Trying to increase its low 2% share of transporting cars within India, the Indian Railways will test a new prototype double-decker car carrier in February that would allow it to move 270 cars in one trainload.
As of now, the railways is able to carry about 135 cars per train by essentially cobbling together parcel vans based on demand. Meanwhile, trucks that carry the bulk of cars within India can take around 20 vehicles at a time.
The railways charges about Rs12,000 to carry a car from, say, New Delhi to Mumbai. It costs about Rs10,000 by road.
Railway officials involved in the car carrier project, who spoke on the condition of anonymity, say the new carrier could bring the per-car cost down to about Rs9,000.
According to Railway Board officials, the car carrier, which is being developed for the first time in India, will take about six months to manufacture once it clears the pilot test phase.
“The prototype for the car carrier will be tried out in February. We have been working on a basic design,” said V.N. Mathur, member (traffic), Railway Board.
These car carriers, similar to those used in the US, are being designed in-house by Research Design and Standards Organization, or RDSO, which is the technical adviser to the Railway Board.
Member (mechanical) R.K. Rao said foreign collaboration, if needed, will be limited to some specific aspects of running car carrier operations.
“Most of the work will be done by RDSO,” said Rao. “The design once finalized will be put into production locally by the railways. However, I will not be able to put a figure to the order size as those details are yet to be worked out.”
However, a railway official familiar with the project who didn’t want to be named said the car carriers could cost around Rs14 crore per train.
International companies that manufacture such auto carriers include General Electric Co.’s GE Transportation unit and FreightCar America Inc. Both companies declined to comment when asked if they had been approached by the railways for technical collaboration.
The decision to look for a suitable car carrier design came up after much debate over a similar solution provided earlier by Pipavav Railway Corp. Ltd, a 50:50 joint venture between the Indian Railways and Gujarat Pipavav Port Ltd.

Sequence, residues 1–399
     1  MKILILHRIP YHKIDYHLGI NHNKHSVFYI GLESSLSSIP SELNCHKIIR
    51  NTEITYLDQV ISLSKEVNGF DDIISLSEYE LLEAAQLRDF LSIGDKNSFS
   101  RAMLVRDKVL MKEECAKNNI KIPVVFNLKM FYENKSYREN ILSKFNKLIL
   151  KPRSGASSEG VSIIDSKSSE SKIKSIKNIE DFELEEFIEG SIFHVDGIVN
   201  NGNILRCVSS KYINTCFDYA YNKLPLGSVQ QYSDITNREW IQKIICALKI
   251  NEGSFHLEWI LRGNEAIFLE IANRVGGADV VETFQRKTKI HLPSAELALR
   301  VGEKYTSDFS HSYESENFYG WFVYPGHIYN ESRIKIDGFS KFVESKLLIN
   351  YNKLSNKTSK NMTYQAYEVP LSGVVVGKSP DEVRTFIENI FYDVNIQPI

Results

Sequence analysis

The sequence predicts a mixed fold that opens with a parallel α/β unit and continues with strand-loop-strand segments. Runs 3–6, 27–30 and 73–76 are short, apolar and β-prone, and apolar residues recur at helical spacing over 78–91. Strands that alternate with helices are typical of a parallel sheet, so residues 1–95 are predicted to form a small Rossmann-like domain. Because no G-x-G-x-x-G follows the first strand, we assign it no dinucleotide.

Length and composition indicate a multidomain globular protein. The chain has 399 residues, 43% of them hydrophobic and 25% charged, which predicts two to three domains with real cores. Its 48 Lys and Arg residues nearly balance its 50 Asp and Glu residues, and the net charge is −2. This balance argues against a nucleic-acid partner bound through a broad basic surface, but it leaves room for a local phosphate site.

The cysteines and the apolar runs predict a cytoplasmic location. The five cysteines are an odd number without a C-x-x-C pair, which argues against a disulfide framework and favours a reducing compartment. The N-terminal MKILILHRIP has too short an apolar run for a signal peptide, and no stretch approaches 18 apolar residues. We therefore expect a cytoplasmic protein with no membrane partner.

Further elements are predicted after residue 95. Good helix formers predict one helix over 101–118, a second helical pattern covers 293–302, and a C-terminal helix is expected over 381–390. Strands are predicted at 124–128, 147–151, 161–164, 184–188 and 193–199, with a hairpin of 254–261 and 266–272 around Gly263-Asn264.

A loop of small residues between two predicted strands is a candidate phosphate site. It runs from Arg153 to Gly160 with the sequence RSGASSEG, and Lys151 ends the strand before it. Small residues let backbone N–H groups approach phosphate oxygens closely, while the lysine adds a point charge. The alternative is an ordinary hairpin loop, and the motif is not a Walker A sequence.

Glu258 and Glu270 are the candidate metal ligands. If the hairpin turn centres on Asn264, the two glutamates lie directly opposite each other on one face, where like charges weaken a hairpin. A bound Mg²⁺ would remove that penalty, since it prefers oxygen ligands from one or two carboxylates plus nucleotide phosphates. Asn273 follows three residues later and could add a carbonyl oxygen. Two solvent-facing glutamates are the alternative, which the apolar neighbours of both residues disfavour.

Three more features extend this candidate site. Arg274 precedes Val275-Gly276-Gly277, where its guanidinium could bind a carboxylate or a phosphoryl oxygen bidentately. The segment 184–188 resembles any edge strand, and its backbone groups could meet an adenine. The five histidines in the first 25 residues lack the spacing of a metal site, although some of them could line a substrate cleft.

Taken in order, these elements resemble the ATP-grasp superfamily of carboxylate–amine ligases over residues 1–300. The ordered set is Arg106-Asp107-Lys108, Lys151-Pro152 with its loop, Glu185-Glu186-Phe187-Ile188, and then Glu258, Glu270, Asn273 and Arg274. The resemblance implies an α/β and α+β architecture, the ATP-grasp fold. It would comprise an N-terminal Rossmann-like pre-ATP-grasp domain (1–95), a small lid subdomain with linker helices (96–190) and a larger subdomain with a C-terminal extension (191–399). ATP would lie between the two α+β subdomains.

It had designed a modified double-stack container, which would help carry eight cars per wagon instead of three, thanks to collapsible platforms that allow cars to be placed in a slanted manner.
According to Mathur, the railways preferred the new car carriers to the modified containers as the former was a tried and tested solution abroad. “We will use the modified containers also, but only on some routes,” he added.
“If the delivered quality is good, the cost is good, we’ll consider that form of transport (rail),” said Debasis Ray, a spokesperson of Tata Motors Ltd, India’s largest auto maker by revenues.
A spokesperson for Hyundai Motor India Ltd said it would continue to use road transport despite the plan proposed by the railways “as it finds it too cumbersome to use multi-modal transport.”
According to R.C. Dubey, who was part of the team that designed the modified containers at Pipavav, a back of the envelope calculation shows that Maruti Suzuki India Ltd, for instance, could save around Rs40 crore a year if it were to transport all its cars by rail once the modified containers are put to use by the railways.
This would amount to about 9% of the car maker’s Rs467 crore net profit Maruti reported in the quarter ended September.
A Maruti spokesperson declined to comment about their interest in the new technology.
“The only point the railways need to keep in mind is that delivering cars on time is as important for the auto companies as it is to cut down on costs,” says Abdul Majeed, a partner at PricewaterhouseCoopers.
Ravi Krishnan contributed to this story.